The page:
11 Dec No Convincing Evidence of Memory Dysfunction Due To Statins
MedicalResearch.com Interview with:
Beth A. Taylor, PhD
Director of Exercise Physiology Research, Hartford Hospital Associate Professor, Kinesiology
University of Connecticut
MedicalResearch.com: What is the background for this study? What are the main findings?
Response: Hydroxy-methyl-glutaryl (HMG) CoA reductase inhibitors (statins) are the most effective medications for managing elevated concentrations of low-density lipoprotein cholesterol (LDL-C). Although statins are generally well-tolerated, they are not without side effects, and mild central nervous system (CNS) complaints such as memory loss and attention decrements are the second most commonly reported adverse effect of these drugs.
Studies assessing cognitive effects of statins vary widely and have produced inconclusive findings. Despite the equivocal data on adverse cognitive side effects with statin therapy, in 2012 the FDA announced a safety label change for statins, based on published case reports of memory loss and confusion and data from the Adverse Events Reporting System. One possibility for these equivocal findings is that studies involving the effects of statins on cognition typically have assessed cognitive function using traditional cognitive tests, which may yield small effect sizes and demonstrate high intra-participant variability. This may explain the discrepancy between clinical trials and patient self-reports, and could be addressed by utilizing CNS tests that directly assess brain parameters.
To the best of our knowledge and literature review, this study is the first to investigate the effects of statins on the central nervous system by utilizing fMRI to assess brain neural activation in healthy adults treated with 80 mg atorvastatin or placebo.
We detected few changes attributable to statin therapy with standardized neuropsychological tests, a finding similar to that from previous clinical trials. However, participants on atorvastatin demonstrated altered patterns of neural activation on vs. off statin compared to participants treated with placebo. Unexpectedly, the treatment groups differed at both timepoints. The clinical implications of these findings are unclear and warrant additional clinical trials.
MedicalResearch.com: What should readers take away from your report?
Response: Published studies and reports of statin-associated cognitive complaints indicate that the potential adverse effects of statins on cognition are rare. Meta-analyses also find little effect of statins on cognition in healthy adults, although two randomized clinical trials found slightly diminished cognitive test scores, (exhibited largely as a lack of a learning effect, in adults not complaining of cognitive changes during low-dose simvastatin and lovastatin administration).
Our study also found few observable cognitive effects of high dose, short duration atorvastatin treatment, even when CNS function was measured directly.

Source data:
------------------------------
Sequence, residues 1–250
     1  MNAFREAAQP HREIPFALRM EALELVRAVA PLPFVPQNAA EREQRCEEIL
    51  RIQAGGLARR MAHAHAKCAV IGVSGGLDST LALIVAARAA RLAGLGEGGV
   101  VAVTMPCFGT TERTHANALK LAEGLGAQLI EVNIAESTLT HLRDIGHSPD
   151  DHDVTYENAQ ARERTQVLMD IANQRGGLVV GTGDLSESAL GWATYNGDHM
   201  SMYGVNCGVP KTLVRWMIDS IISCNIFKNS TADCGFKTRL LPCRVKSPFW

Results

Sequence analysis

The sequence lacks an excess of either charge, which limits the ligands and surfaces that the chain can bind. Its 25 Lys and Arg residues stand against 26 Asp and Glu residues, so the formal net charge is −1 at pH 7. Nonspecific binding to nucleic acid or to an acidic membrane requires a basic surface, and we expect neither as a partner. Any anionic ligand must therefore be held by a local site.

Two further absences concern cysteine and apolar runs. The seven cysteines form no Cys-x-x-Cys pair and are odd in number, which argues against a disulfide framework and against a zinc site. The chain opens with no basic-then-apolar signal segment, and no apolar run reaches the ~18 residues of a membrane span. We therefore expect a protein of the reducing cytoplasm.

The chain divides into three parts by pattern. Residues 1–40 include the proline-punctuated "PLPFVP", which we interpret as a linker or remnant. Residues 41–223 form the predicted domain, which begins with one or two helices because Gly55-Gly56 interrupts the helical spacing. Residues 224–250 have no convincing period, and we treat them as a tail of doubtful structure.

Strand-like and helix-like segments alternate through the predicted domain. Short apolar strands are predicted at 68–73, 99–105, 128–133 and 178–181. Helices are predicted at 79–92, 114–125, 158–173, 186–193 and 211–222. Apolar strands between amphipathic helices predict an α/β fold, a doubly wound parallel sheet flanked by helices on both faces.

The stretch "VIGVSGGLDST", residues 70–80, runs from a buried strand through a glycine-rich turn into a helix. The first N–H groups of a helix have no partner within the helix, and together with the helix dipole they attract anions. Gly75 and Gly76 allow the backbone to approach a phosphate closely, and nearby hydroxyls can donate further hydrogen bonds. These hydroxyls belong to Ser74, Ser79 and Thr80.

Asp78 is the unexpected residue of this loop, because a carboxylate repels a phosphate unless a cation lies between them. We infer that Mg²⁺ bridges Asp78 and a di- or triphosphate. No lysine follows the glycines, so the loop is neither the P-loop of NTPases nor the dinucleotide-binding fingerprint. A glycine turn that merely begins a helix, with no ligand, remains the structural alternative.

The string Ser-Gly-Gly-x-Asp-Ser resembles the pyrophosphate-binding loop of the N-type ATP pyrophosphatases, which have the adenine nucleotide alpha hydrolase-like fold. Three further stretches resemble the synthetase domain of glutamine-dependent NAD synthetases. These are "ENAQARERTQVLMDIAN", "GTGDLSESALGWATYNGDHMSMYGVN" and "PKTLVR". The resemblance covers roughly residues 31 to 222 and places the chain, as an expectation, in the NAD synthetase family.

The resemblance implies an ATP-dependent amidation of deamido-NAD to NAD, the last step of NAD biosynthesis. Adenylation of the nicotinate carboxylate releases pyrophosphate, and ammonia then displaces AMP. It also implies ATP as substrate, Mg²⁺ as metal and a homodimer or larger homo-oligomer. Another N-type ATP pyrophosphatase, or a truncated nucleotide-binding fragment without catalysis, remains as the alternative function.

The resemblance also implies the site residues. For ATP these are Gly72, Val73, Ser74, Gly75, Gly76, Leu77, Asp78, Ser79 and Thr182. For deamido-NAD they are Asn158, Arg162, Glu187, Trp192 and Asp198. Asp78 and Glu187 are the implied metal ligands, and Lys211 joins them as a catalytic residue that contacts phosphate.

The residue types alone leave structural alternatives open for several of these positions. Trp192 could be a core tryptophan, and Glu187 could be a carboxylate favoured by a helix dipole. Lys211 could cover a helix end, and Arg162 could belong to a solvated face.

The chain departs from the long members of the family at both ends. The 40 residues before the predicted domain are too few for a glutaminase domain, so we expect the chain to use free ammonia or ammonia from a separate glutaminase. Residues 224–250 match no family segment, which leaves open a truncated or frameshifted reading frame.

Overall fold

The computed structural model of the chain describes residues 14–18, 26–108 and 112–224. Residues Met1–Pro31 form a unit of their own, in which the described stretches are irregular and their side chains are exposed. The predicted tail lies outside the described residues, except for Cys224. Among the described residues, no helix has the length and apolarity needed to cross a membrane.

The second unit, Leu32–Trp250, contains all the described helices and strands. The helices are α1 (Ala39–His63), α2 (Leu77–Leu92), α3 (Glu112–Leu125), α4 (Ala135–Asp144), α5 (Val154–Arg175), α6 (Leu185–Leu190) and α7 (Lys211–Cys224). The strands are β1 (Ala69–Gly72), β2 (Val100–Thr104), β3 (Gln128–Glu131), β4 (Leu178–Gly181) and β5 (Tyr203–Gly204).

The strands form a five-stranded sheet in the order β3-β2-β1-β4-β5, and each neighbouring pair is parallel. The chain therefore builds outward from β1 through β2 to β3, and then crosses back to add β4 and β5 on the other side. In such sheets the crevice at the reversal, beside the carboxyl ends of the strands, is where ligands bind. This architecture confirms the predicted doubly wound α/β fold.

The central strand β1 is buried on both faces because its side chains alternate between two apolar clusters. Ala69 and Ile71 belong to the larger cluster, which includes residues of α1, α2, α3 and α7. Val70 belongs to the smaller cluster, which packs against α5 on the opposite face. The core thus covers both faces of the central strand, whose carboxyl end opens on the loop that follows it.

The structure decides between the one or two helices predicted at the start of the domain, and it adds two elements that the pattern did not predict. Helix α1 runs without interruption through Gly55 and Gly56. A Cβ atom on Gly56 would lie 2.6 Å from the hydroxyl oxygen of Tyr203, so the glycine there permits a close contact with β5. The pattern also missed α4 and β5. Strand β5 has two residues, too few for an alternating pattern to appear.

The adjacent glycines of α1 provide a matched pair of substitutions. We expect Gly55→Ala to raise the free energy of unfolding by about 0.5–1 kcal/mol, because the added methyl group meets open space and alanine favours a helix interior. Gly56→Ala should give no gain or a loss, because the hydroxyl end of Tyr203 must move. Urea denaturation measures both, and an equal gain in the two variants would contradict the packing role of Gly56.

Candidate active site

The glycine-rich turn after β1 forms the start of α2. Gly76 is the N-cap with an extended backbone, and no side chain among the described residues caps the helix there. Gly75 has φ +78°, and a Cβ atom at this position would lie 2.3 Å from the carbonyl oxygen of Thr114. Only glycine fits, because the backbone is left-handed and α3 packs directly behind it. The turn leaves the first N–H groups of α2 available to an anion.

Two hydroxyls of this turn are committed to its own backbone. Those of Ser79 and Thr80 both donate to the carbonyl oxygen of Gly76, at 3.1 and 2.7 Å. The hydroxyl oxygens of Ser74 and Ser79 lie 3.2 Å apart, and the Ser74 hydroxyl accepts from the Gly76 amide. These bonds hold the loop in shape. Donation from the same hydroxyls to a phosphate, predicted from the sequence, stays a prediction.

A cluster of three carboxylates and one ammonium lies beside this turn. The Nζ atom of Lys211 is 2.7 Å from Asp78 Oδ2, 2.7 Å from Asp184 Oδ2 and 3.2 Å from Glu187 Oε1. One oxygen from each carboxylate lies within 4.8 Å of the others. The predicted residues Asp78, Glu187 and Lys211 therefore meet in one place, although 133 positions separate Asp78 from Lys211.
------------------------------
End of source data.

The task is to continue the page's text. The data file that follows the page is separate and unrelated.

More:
In sum, these findings do not provide convincing evidence of memory dysfunction due to statin medications, and support the large body of literature suggesting that in most healthy adults, statins do not evoke measurable adverse cognitive side effects. However, it is possible that these altered patterns of neural activation could underlie the occasional reports of memory loss and confusion reported in surveillance data and as case reports and observational studies.
MedicalResearch.com: What recommendations do you have for future research as a result of this study?
Response: The small but significant alterations in regional neural activation with statin therapy require confirmation in larger trials, since they may indicate a mechanism for cognitive complaints. If confirmed, future studies are needed to examine the clinical consequences of altered neural function with statin therapy, and should study those rare patients who present with statin-related cognitive complaints.
MedicalResearch.com: Is there anything else you would like to add?
Response: Funding was provided by by National Heart, Lung, and Blood Institute/National Institutes of Health grant NHLBI 1R01HL098085 (Drs. Taylor and Polk) and RO1 HL081893 (Dr Thompson).
Dr. Taylor served on the Pharmacovigilance Monitoring Board for Amgen, Inc. and received grant support from Regeneron, Inc. All other authors report no disclosures. All authors approved the final manuscript.
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The Effect of High-Dose Atorvastatin on Neural Activity and Cognitive Function
Published online: December 6, 2017
Beth A. Taylor, Alecia D. Dager, Gregory A. Panza, Amanda L. Zaleski, Shashwath Meda, Gregory Book, Michael C. Stevens, Sarah Tartar, C. Michael White, Donna M. Polk, Godfrey D. Pearlson, Paul D. Thompson
American Heart Journal
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